From the series: Deep Neural Networks
Joe Hicklin, MathWorks
Experiment Manager is an app for training, fine-tuning, and explaining your deep learning networks under a variety of initial conditions. See how you can use deep learning experiments to:
Hi. My name's Joe Hicklin. I'm a senior developer at the MathWorks. I'm going to show you how to use Experiment Manager to make your deep learning projects produce better results, go faster, and take less work.
When I'm trying to produce the very best deep learning solution that I can, I'll go through a lot of experimentation to see which strategies work best. I'll try different sets of training data or different treatments of my training data, I'll try different network architectures or maybe different parameters within my network, and I'll try different training options to see which strategy produces the best result.
All this experimentation is the most time-consuming part of my project, and before Experiment Manager came along, I did a pretty disorganized job of it. I'd write a script like this one that would set up my training data, set up my network, set my training options, and finally train the network.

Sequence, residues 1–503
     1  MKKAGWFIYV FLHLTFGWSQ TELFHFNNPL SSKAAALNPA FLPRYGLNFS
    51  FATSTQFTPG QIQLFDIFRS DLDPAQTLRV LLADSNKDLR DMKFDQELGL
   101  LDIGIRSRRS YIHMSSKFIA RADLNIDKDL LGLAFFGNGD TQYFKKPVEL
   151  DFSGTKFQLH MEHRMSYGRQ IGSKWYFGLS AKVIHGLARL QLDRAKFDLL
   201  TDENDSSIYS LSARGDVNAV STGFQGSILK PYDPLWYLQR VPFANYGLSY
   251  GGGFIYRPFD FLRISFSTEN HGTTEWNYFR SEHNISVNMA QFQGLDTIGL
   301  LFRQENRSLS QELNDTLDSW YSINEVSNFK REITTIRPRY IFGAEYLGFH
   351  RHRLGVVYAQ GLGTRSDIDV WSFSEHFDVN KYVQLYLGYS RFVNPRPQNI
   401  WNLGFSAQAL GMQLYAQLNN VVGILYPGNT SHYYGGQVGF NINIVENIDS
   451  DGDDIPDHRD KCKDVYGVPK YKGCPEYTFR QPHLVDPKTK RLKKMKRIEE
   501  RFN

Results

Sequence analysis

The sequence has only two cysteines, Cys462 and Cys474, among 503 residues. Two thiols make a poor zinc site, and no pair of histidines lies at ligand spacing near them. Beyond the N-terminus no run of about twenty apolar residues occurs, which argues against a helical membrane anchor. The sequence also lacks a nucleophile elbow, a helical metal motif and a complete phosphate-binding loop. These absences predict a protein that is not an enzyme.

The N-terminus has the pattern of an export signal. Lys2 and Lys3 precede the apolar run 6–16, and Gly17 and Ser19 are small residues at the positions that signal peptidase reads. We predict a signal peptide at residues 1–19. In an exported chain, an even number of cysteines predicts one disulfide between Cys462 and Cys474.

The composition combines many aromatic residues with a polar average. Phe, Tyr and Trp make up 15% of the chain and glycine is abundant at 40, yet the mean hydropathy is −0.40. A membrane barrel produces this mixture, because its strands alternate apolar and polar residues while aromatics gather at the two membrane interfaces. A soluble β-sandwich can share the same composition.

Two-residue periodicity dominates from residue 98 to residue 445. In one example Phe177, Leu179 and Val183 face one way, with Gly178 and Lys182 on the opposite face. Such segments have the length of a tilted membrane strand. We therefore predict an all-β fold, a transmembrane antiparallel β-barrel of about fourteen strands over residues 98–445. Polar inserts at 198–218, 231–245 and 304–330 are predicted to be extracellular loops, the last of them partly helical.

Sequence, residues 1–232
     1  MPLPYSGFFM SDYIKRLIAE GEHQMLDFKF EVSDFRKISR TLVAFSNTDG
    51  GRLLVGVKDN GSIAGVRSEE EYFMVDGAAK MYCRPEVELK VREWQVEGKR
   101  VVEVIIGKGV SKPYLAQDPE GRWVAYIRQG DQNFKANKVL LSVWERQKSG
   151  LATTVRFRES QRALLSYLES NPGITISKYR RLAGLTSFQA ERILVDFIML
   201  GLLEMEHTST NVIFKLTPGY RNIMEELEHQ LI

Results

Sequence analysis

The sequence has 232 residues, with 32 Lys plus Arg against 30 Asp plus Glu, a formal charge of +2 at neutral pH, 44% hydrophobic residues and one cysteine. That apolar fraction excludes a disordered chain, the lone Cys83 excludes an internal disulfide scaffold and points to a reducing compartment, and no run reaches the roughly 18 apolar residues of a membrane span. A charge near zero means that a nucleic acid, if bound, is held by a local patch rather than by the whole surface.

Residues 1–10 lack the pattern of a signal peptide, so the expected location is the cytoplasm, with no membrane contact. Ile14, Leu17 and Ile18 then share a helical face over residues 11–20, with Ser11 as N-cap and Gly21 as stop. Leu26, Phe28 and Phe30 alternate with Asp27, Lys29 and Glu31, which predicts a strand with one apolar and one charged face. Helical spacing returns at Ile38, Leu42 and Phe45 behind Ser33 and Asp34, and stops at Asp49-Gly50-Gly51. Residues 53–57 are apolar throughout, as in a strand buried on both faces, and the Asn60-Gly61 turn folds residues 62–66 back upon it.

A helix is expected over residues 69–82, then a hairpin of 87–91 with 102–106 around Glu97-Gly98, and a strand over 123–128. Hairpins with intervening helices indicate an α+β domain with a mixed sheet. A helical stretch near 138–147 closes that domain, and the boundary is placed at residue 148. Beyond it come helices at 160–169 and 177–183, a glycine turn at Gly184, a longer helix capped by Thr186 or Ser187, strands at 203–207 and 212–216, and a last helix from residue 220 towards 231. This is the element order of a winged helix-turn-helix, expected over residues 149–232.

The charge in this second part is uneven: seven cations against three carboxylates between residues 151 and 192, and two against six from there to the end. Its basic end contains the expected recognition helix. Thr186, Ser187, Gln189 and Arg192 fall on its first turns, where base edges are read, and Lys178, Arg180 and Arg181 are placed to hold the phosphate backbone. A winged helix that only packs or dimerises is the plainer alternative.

I'd run that, see how the network performed, and then to try out alternatives. I'd edit the script, and run it again. I'd say, what if I wanted to try more channels in this layer, or what if I wanted a different learning rate?
And I would go through a great many different combinations of all these sorts of options to figure out which network performs the best. When I was all finished, I'd think that I'd covered most of the areas, but I wasn't really sure. And I'd wind up rerunning some experiments several times to validate or recover previous results.
The Experiment Manager addresses all of those problems. Let's look at an Experiment Manager project that I've been working with. I'll go to Apps Gallery, choose the Experiment Manager. When the Experiment Manager comes up, I'll open a pre-existing project. There it is.
And here's my project. My project has three experiments in it, one called data sets, one called networks, one called training options. We're going to look at the results for the first experiment, data sets.
In this experiment, I was trying to figure out if I was using enough data or not. So I ran four different trials. And each one using a different amount of data or with or without augmentation. And these trials have already been run, and they're finished.
For each one of the trials, I can look and see how long they took, what the training accuracy was, the validation accuracy, and a few other things. For any trial I want, I can look at the training plot. We will recreate that, and there's the training plot for that trial. There's the training plot for this trial.
I can also look at the confusion matrix for each trial. And so that was a set of-- That was an experiment, a set of trials for an experiment that I did. I did another experiment. We'll look at those results. And this is trying different networks.